Two stalwarts of the travel world have decided to join forces in a bid to dominate the high street and battle a predicted slump in holiday bookings this winter…
Thomas Cook and Co-operative Travel have signed a deal to bring together their 1,204 stores across the country, but they will both keep their own branding.
It means branches of Co-operative Travel will be able to sell Thomas Cook products, hopefully reaching a larger audience.
Around £35m of savings will also be made and the united companies will become the UK's second largest foreign currency exchange business.
With cuts biting this winter and consumer confidence low, the deal is an attempt to weather another rocky season in the travel industry.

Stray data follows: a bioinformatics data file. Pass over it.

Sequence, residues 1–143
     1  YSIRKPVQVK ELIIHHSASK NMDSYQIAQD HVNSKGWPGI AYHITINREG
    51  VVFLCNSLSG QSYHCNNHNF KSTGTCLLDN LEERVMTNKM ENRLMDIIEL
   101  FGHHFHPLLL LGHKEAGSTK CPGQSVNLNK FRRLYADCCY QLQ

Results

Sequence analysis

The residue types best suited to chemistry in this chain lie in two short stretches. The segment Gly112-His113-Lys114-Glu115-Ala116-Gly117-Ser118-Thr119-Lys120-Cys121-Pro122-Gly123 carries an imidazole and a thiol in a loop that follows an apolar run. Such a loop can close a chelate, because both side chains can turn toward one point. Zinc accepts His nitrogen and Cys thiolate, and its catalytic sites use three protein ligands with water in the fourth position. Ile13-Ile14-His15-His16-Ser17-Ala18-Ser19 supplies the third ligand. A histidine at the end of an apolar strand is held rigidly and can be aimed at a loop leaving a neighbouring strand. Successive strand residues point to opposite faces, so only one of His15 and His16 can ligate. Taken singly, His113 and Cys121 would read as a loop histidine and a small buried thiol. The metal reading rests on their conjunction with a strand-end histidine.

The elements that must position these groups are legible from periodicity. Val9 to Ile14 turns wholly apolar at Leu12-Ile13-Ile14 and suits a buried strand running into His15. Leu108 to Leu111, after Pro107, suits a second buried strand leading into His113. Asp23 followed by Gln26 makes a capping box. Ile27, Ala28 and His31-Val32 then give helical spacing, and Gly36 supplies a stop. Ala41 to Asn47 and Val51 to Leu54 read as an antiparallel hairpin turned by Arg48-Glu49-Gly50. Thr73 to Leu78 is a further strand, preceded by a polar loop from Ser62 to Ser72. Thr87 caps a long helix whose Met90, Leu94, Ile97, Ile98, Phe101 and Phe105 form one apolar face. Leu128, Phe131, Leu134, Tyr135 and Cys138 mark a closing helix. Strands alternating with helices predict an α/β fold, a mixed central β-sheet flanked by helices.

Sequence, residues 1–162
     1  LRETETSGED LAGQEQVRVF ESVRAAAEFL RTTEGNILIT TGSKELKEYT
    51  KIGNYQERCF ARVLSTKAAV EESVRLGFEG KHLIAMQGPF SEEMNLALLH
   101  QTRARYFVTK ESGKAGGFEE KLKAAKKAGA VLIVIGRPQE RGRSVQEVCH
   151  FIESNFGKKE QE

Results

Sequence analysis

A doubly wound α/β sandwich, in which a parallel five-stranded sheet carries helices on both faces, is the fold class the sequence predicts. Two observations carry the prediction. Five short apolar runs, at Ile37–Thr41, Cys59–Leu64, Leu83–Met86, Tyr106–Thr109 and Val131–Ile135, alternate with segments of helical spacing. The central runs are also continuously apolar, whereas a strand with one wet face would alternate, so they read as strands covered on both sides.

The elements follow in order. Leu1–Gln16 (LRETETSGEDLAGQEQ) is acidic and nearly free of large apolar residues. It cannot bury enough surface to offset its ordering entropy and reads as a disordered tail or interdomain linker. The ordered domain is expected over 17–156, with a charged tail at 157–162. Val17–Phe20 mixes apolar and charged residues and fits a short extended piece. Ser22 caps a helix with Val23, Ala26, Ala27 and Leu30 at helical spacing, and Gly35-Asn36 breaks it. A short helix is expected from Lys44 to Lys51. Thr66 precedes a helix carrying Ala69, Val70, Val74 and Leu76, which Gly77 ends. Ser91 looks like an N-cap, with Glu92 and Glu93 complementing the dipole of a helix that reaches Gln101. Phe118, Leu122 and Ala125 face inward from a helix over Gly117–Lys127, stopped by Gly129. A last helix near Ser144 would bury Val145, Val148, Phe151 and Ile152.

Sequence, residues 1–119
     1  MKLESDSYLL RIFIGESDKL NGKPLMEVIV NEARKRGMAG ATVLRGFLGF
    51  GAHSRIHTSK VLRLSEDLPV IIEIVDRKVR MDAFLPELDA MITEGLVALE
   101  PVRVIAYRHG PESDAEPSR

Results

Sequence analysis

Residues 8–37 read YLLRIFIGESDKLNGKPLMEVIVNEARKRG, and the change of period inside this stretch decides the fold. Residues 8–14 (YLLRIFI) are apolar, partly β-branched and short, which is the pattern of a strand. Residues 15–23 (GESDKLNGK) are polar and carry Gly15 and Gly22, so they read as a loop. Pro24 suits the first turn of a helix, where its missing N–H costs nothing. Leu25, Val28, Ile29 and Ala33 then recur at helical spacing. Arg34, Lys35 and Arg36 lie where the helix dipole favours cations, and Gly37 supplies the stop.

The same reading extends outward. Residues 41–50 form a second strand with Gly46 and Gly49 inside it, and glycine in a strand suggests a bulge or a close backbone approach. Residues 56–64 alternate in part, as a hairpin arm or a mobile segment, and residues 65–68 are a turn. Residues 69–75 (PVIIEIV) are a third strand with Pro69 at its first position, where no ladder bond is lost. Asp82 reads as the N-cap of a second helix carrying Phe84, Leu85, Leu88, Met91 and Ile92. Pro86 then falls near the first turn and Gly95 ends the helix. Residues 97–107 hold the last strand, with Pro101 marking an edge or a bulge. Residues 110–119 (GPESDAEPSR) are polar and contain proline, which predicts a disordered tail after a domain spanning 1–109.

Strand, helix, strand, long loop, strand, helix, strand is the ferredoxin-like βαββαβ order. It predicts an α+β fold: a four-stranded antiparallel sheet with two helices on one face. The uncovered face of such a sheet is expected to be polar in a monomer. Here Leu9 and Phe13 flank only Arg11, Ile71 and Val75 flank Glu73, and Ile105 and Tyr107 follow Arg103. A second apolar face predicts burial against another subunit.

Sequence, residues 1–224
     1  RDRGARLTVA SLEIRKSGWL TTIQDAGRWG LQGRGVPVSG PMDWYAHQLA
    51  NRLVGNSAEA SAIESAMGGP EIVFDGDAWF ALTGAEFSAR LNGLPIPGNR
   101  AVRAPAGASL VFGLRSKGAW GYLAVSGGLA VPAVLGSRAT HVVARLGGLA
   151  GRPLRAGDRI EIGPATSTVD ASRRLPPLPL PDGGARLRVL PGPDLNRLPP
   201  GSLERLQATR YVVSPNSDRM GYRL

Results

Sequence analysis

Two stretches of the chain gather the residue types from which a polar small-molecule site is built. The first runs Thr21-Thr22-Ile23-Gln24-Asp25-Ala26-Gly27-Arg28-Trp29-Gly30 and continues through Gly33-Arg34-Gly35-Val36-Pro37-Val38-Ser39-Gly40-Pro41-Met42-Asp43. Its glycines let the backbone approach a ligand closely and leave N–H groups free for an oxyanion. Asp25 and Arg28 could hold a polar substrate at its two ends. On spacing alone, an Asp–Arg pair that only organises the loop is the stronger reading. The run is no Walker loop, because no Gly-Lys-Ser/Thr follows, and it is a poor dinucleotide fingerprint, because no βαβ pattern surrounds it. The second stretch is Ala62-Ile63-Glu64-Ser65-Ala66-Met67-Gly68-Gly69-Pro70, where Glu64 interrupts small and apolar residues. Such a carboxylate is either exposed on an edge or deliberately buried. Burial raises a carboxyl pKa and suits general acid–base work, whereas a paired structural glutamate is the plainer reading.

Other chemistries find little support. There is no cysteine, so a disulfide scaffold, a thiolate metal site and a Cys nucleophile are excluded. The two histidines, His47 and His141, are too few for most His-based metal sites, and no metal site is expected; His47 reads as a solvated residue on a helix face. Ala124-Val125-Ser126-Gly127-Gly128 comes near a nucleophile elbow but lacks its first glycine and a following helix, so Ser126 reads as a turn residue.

The merger will mean job losses but the companies hope that by joining forces they will better be able to attract UK travellers.
Experts are predicting that Thomas Cook and fellow giant TUI Travel – which owns Thomson and First Choice – will both be looking to secure further consolidations after a particularly bad year for package holidays.
Both tour operators have predicted that their year-end profits would be below previous expectations due to the volcanic ash cloud crisis and the 'uncertain economic environment'.
Thomas Cook chief executive Manny Fontenla-Novoa said: 'Today's announcement, together with our plans to cut costs and streamline the rest of our UK business, will put us in a much stronger position, should market conditions in the UK remain weak, and will build a firm foundation for the future.'
However, some have questioned the future of high street travel agents altogether, particularly as more and more people search for holiday deals online.